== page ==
hen Sony included backward compatibility for PlayStation games on the PlayStation 2, it took the easy path and simply included an original PlayStation chip inside the PlayStation 2. With more than five years between the two consoles, Sony had a lot of time to make the original PlayStation chip smaller and cheaper to manufacture, thereby making backward compatibility an almost trivial feature in terms of effort.
If Sony skated by with a triple lutz when it included backward compatibility, Microsoft tobogganed on gravel, uphill. Microsoft made a crucial error in not purchasing the intellectual-property rights to the hardware behind the original Xbox. Intel owns the rights to the Pentium III CPU variant that resides in the Xbox, and Nvidia owns the rights to the Xbox GPU and the audio chip that encodes Dolby Digital on the fly. Without ownership of these key components, Microsoft would have to provide backward compatibility the hard way--software emulation.
To make the situation even more difficult, the Xbox 360 hardware has practically nothing in common with the original Xbox. Microsoft replaced the original Intel CPU with a custom-made triple core IBM Xenon processor, and the Nvidia GPU was replaced with the 48 pipeline ATI Xenos GPU.
If you've tried playing an Xbox game on the Xbox 360, you've probably noticed that the game actually thinks its working on the Xbox. The Xbox Live menus are of the classic Xbox variety, not newfangled Xbox 360 dashboard menus. In this way, the emulation is completely transparent. The Xbox 360 is able to pull it off most of the time, but a minor hiccup occurs every now and then. During the course of our testing, we encountered a few issues such as frame-rate drops, video tearing, and even Xbox Live connectivity issues.
Microsoft maintains an Xbox 360 backward-compatibility list, which originally contained 207 Xbox games. Curiously, even though Microsoft added and removed games over time, the list remained at 207 games. Recently, as in June 13 2006, Microsoft added twenty-one games to the list.
Our first experience with backward compatibility on the Xbox 360 was less than stellar. On launch day, many of the games we tried worked improperly or not at all. We decided to revisit Microsoft's list and picked a few of the more popular games to test, and we also chose a few to test at random. We then played each game on the Xbox 360 and the original Xbox to see if we could notice any major differences in performance. Also, we tried to play online, or download content from Xbox Live, whenever possible. Unfortunately, we did not have time to play through every single game on both consoles, but we did spend enough time to get a good feel for each game. This does mean, however, that we might have missed bugs found in later areas of the game. For example, Forza Motorsport worked fine in the maps we tested, but sports editor Brian Ekberg was none too enthused at the performance of Forza Motorsport on the Xbox 360 when he raced on a track that we hadn't unlocked yet. As much as we'd have liked to play through each game to ensure full compatibility, we were forced to factor in time constraints.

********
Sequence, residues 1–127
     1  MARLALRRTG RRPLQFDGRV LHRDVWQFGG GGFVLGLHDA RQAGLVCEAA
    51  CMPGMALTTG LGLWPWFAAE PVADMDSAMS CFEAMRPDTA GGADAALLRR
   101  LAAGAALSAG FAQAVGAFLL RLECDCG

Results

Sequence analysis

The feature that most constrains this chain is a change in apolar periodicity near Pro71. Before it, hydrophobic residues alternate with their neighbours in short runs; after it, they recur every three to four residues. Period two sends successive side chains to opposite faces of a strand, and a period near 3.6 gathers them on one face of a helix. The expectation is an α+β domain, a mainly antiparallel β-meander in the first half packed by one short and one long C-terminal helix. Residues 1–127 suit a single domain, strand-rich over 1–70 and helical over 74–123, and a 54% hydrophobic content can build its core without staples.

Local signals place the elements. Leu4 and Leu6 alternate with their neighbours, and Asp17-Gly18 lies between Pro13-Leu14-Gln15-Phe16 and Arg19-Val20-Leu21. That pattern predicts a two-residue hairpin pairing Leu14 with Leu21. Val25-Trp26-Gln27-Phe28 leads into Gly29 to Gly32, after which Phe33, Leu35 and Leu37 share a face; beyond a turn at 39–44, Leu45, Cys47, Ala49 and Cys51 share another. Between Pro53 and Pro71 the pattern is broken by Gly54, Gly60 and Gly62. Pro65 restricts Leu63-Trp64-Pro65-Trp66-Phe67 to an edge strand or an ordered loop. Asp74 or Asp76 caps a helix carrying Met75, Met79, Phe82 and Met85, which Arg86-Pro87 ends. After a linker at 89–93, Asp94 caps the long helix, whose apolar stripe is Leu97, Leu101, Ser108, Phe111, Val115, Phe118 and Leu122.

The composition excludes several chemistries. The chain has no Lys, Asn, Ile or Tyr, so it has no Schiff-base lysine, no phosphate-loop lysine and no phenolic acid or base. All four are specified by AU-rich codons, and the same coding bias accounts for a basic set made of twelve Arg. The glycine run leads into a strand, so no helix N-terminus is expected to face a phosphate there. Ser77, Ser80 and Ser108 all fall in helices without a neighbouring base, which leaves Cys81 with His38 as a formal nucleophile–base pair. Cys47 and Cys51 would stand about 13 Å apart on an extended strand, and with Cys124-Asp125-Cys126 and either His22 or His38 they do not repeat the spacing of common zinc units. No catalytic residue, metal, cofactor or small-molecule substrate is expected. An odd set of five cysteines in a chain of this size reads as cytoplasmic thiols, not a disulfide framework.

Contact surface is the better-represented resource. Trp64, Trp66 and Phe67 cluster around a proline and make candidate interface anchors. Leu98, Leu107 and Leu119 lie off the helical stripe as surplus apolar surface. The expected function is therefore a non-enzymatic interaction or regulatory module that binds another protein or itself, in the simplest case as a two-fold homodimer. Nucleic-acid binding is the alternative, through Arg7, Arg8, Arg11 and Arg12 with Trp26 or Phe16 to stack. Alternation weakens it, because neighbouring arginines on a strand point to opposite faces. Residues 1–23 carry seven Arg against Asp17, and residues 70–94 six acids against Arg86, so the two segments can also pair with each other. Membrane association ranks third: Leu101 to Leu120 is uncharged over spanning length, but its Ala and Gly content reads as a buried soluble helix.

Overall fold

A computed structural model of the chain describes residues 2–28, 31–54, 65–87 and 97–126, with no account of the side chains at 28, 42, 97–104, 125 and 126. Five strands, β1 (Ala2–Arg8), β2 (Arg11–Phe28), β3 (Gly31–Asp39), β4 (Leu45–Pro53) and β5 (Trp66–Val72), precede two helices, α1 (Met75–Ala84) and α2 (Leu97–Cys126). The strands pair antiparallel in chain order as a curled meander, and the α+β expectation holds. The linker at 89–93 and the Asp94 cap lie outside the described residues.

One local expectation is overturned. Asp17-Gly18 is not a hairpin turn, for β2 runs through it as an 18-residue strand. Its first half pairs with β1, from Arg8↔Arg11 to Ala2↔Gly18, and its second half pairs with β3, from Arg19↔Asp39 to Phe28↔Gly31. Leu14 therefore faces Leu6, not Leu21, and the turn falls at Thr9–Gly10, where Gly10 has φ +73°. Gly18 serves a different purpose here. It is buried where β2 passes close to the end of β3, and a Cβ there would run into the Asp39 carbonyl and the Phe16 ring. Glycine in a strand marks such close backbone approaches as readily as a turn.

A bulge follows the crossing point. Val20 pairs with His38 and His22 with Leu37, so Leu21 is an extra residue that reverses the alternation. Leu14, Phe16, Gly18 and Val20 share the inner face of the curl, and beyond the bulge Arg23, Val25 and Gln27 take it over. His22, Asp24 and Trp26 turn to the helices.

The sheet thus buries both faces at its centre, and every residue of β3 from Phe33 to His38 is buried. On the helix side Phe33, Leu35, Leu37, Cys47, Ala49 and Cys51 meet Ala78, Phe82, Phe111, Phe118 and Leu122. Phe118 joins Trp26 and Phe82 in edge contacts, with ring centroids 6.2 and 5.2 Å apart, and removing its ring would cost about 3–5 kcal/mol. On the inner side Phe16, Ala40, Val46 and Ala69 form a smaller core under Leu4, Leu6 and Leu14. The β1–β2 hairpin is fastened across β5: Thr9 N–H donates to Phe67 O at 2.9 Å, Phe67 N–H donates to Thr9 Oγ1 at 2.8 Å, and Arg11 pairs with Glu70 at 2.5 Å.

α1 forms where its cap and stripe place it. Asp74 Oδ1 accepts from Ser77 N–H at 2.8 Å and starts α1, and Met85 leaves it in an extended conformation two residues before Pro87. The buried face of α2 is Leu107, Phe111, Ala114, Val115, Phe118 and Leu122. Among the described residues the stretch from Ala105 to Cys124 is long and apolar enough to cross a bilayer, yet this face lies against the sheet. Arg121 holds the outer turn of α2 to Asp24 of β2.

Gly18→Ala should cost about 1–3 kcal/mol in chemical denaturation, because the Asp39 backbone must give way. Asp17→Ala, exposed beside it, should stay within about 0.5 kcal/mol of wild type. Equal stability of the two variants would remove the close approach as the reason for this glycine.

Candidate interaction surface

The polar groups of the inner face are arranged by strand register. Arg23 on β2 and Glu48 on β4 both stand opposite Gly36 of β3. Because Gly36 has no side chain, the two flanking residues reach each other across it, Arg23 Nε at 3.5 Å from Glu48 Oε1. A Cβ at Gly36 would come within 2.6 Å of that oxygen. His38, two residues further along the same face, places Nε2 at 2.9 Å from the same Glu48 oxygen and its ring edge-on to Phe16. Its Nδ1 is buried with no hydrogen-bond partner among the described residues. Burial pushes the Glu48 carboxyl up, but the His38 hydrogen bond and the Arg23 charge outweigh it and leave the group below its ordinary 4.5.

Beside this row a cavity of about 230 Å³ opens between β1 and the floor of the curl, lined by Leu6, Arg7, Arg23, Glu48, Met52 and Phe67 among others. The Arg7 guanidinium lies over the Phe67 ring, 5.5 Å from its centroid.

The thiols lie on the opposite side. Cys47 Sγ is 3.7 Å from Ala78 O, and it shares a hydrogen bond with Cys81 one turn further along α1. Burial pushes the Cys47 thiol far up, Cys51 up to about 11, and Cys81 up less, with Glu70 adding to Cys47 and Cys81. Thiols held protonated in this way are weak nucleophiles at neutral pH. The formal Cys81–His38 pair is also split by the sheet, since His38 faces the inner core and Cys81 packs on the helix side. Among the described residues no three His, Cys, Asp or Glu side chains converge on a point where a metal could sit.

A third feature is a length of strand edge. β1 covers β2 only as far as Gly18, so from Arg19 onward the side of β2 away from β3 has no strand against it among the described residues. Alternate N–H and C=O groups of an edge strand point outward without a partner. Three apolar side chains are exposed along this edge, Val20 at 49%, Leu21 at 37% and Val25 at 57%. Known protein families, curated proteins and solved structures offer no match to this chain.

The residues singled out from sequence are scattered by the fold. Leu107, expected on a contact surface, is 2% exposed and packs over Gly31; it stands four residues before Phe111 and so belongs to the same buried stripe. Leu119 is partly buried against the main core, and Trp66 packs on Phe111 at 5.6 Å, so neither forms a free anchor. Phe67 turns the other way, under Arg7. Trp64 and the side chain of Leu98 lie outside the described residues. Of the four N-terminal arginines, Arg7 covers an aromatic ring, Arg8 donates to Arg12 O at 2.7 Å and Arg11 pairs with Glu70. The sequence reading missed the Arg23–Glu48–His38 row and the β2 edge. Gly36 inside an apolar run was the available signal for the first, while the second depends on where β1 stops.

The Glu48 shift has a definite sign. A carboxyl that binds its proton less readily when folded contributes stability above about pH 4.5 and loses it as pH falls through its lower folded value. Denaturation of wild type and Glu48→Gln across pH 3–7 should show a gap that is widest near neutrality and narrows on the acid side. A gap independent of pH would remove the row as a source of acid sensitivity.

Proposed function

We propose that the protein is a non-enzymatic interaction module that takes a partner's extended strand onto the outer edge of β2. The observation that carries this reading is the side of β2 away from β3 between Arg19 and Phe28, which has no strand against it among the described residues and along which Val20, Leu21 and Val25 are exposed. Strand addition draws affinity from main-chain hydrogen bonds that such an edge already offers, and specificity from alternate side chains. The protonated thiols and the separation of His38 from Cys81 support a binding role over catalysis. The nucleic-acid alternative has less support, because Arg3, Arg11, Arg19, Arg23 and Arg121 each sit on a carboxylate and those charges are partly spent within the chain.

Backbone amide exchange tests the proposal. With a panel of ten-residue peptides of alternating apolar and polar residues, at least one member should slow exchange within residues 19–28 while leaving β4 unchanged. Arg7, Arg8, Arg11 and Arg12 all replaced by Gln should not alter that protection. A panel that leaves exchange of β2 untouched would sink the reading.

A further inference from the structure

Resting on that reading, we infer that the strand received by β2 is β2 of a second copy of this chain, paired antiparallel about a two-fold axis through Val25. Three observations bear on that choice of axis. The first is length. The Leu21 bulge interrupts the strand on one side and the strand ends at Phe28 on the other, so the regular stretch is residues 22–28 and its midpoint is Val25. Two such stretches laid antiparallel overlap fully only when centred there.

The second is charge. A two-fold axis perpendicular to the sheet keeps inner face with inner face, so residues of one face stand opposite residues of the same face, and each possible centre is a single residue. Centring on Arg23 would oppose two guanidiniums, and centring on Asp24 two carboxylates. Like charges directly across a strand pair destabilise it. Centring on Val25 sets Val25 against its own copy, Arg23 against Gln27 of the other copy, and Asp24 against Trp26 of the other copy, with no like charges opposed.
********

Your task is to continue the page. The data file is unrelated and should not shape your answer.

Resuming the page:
For the most part, the games we tested on the list performed well. Almost all of the games played close enough to the original Xbox that we were hard-pressed to tell the difference between the platforms. The 360 does provide the added benefit of improving image quality by enabling antialiasing; but some games look dramatically better, we've noted that where applicable. A few of the games we played had more serious issues, such as frame-rate drops and graphical anomalies, but the most common bug we encountered was inconsistent full-motion video playback. It seems the Xbox 360 has trouble handling Xbox video.
Read on to check out the full results of our testing and to see some image quality comparisons.
You tell us
What's your experience with backward compatibility been like on the Xbox 360? Did your experiences differ from ours with the games we tested? What games do you want Microsoft to add to the next compatibility update?
Progress Report: Xbox 360 Backward Compatibility
The Xbox 360 offers backward compatibility for Xbox games, but how well does the feature actually work?